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Introduction The National Institutes of Health and the American Medical Association recommend patient education materials (EMs) be at or below the sixth-grade reading level. The American Cancer Society, Leukemia & Lymphoma Society, and National Comprehensive Cancer Network have accurate blood cancer EMs. Methods One hundred one (101) blood cancer EMs from the above organizations were assessed using the following: Flesch Reading Ease Formula (FREF), Flesch-Kincaid Grade Level (FKGL), Gunning Fog Index (GFI), Simple Measure of Gobbledygook Index (SMOG), and the Coleman-Liau Index (CLI). Results Only 3.96% of patient EMs scored at or below the seventh-grade reading level in all modalities. Healthcare professional education materials (HPEMs) averaged around the college to graduate level. For leukemia and lymphoma patient EMs, there were significant differences for FKGL vs. SMOG, FKGL vs. GFI, FKGL vs. CLI, SMOG vs. CLI, and GFI vs. CLI. For HPEMs, there were significant differences for FKGL vs. GFI and GFI vs. CLI. Conclusion The majority of patient EMs were above the seventh-grade reading level. A lack of easily readable patient EMs could lead to a poor understanding of disease and, thus, adverse health outcomes. Overall, patient EMs should not replace physician counseling. Physicians must close the gaps in patients' understanding throughout their cancer treatment.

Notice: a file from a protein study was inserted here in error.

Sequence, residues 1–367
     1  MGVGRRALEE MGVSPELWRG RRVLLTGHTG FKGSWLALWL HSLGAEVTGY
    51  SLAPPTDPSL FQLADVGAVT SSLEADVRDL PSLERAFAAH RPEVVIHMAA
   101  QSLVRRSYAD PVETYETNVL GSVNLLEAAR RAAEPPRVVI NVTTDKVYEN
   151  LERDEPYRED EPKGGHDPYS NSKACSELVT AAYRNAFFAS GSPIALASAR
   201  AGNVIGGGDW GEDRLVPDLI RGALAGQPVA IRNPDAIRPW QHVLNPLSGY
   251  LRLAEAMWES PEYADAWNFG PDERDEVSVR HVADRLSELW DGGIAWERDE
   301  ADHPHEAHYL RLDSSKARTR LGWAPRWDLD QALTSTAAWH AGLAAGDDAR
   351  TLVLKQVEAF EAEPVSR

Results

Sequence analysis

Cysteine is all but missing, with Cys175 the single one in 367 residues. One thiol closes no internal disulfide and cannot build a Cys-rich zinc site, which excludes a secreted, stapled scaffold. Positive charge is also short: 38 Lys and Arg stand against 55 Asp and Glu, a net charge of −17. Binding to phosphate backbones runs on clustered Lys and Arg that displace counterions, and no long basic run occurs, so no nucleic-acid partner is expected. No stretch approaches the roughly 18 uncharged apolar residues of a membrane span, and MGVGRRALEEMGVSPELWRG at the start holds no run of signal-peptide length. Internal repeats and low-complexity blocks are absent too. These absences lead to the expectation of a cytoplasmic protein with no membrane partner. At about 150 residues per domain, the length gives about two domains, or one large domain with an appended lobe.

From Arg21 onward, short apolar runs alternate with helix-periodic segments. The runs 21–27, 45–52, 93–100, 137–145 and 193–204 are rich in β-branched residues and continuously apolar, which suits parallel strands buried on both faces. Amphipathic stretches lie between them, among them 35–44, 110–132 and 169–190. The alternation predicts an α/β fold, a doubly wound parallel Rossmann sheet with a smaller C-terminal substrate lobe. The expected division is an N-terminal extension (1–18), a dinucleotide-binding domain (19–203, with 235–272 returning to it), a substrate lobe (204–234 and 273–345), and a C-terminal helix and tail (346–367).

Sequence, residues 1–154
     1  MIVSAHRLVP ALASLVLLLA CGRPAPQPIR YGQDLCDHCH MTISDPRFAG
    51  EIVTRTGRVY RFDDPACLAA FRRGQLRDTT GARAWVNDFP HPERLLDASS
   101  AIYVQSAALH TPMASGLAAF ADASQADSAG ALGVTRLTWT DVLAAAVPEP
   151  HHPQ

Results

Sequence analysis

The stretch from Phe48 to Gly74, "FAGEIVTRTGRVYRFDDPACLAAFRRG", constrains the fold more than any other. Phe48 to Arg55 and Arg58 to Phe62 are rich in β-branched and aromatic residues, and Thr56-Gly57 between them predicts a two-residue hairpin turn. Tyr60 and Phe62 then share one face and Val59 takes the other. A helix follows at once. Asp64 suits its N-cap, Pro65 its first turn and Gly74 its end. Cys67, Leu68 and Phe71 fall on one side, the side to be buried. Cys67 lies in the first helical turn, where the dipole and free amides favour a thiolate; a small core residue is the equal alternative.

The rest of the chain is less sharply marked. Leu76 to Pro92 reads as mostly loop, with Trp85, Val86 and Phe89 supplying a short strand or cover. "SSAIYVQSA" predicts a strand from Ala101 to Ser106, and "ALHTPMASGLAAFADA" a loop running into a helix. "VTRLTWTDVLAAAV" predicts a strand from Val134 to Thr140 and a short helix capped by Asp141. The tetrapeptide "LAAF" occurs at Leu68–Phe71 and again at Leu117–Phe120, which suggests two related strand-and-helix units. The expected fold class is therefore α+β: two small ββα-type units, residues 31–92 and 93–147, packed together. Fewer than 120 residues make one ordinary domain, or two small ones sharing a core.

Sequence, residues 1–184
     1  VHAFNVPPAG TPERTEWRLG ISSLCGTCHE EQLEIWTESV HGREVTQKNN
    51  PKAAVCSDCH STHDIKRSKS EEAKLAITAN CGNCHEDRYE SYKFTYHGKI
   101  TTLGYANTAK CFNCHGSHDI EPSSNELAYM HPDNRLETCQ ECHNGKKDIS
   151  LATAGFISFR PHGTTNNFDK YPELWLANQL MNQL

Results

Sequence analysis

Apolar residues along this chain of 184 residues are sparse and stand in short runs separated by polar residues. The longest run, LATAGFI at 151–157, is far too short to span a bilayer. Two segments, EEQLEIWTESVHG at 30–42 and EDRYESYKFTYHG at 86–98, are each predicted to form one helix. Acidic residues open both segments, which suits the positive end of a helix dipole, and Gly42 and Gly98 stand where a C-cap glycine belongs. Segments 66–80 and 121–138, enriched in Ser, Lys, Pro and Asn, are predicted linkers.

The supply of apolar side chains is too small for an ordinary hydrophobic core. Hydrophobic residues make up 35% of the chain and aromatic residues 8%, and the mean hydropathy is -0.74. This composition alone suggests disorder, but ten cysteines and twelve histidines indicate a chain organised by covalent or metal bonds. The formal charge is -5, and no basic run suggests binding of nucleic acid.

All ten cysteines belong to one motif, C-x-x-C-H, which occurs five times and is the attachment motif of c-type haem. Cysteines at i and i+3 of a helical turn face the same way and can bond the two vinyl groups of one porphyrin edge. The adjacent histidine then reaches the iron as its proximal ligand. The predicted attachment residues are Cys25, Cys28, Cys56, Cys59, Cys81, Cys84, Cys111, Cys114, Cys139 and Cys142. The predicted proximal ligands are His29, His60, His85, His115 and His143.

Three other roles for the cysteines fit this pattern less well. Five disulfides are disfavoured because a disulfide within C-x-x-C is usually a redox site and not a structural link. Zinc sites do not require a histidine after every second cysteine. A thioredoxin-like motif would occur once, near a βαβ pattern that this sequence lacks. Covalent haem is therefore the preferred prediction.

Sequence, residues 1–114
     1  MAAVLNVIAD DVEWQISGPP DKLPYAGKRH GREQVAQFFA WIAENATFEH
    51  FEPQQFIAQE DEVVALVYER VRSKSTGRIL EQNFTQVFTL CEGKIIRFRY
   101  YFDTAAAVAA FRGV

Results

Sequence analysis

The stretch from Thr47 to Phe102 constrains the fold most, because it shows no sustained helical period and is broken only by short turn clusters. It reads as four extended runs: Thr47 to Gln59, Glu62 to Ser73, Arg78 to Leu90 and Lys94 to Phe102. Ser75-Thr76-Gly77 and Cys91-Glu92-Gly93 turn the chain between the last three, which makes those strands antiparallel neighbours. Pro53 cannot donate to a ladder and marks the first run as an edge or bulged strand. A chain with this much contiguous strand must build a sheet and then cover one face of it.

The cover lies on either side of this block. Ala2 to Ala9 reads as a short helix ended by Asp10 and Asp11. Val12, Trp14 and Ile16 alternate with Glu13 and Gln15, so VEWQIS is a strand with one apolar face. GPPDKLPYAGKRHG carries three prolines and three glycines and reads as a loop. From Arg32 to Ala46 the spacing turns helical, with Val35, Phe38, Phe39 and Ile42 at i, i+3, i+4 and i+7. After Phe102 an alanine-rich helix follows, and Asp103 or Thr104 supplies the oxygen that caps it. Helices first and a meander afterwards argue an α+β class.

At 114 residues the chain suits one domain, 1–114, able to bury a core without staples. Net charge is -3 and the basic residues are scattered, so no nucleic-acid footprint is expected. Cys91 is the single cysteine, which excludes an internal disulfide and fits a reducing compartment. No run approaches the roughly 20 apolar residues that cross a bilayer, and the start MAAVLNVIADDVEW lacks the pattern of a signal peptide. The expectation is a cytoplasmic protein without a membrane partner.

blood cancer, leukemia, lymphoma, patient education materials, physician education materials, readability



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